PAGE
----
Robinson was one of the greatest art experts and connoisseurs of the 19th century.

He was the first superintendent of the South Kensington Museum – now better known as the Victoria and Albert Museum.

He was also appointed as Queen Victoria’s Surveyor of Pictures and was largely responsible for building the collections of ancient and renaissance art at the museum.

He also amassed a large private collection of which this sarcophagus was a part. It’s possible that Robinson bought the sarcophagus on his travels to Italy.

Mr Schwinge said: ‘When I pulled up at the property I spotted what looked like a large garden trough peeping out from under some bushes.

‘I thought it looked interesting and when I commented the owner invited me to take a closer look.

‘As I drew closer I realised I was looking at a Roman sarcophagus in a remarkably good state of preservation, despite having been in the garden for 100 years.

‘After I went into the house to look at some other items, the client and I managed to find an old auction catalogue from 1913.

‘When I saw the name ‘Duke’s’ on the front I couldn’t believe it.

‘It turned out that we were the last firm to handle the sale in 1913 when we sold the collection of Sir John Charles Robinson at Newton Manor in Swanage.’

Art expert Laurence Keen OBE said: ‘This is a very important item. It is, to my mind, late 2nd or early 3rd century AD with carving of the highest quality.

‘The undecorated back probably suggests that it came from a private mausoleum of a high status individual where the tomb was placed against a wall.’

Another art expert said: ‘It is quite exceptional for a piece of Roman imperial art of this importance turn up in a garden.

‘It would be fascinating to find out where Robinson acquired it, but my view is that he probably purchased it on his travels in Italy.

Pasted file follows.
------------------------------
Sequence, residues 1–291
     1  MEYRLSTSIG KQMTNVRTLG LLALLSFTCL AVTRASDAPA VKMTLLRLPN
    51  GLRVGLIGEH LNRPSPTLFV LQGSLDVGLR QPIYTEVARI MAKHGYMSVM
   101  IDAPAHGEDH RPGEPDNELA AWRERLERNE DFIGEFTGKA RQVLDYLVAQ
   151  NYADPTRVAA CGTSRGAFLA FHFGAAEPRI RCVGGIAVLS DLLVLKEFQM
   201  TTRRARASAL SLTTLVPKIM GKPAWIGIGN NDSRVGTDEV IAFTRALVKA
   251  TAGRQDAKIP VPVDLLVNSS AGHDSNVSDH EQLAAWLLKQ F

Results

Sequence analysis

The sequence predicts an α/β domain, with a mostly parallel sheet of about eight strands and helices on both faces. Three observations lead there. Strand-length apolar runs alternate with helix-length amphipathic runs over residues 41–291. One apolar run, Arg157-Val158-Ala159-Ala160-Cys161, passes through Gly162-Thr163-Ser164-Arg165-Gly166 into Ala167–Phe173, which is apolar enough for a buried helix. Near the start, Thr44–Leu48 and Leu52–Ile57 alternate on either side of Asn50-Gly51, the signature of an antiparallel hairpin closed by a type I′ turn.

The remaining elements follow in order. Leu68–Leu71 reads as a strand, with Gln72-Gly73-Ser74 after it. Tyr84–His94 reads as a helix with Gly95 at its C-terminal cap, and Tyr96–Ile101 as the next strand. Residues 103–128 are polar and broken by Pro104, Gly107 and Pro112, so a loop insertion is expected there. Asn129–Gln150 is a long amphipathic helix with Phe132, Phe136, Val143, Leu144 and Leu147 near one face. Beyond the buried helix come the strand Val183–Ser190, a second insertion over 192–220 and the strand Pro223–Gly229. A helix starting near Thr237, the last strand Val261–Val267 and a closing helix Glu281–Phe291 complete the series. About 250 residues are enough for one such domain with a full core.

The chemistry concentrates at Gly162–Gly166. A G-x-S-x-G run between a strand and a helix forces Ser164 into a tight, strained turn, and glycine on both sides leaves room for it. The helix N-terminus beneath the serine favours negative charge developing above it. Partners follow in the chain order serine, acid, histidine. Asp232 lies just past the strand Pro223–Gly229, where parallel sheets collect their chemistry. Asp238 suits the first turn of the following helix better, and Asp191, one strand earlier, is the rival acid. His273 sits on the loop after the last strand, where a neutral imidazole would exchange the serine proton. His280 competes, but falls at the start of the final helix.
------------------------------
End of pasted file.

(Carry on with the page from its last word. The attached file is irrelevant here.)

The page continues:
‘It is much too fine to be Romano British.

‘There is always the chance, of course, that it came to this country in the 18th century and was originally part of one of the important Grand Tour collections of the Age of Enlightenment.’

The sale is on September 28.

The original article includes some photos (both now and ‘then’) … it’s a very interesting piece … not sure I’ve ever seen a temple depicted with the door slightly ajar (did this ‘house’ a former priest of some sort?).

Romans At Iwo Jima?

Okay … can’t resist this one. I’m zonked from the first day of school so I’m idly doing one of my semi-regular checks of ebay items and I come across this:

from an ebay auction … click for a larger version

It is described as a Roman lead relief from the 1th (sic) century A.D. depicting the capture of Vercingetorix. Here’s the original auction … is it just me or does it remind anyone else of:

wikimedia

Interesting Item Coming to Christie’s

One of the things that annoys me regularly when trying to cover auction things is that I can never seem to find the original press release when announcements are made of items which aren’t available in a calendar yet. A case in point is the coverage of the following item, which is coming to auction at Christie’s in December. It is mentioned both by Art Daily and Gallerist:

Christie’s via Art Daily

Here’s an excerpt of the description from Art Daily:

Christie’s announced the sale of a set of two important Roman bronze genre statues on December 5, circa late 1st century B.C.- early 1st century A.D. (estimate: $3,000,000-5,000,000). Both approximately twenty inches in length, the sculptures each depict a young girl pursuing a partridge. The toddlers are positioned similarly, sitting on the base, leaning forward with open arms and splayed fingers, stretching toward a bird that is just out of reach. The features are exquisitely detailed, with the eyes inlaid with white stone, one preserving further metal inlays. The lashes are of trimmed sheet bronze and their hair is delicately curled and formed in to a loose top-knot. The partridges are equally impressive, with the plumage naturalistically represented as they turn their head back to glance at their pursuer. The bronzes come to Christie’s from a private collection, the owner’s family having acquired them from renowned Swiss collector Giovanni Züst in the 1960s, whose collection formed the nucleus of Basel’s famed Antikensammlung.

see also:

… what a great little pair of bronzes!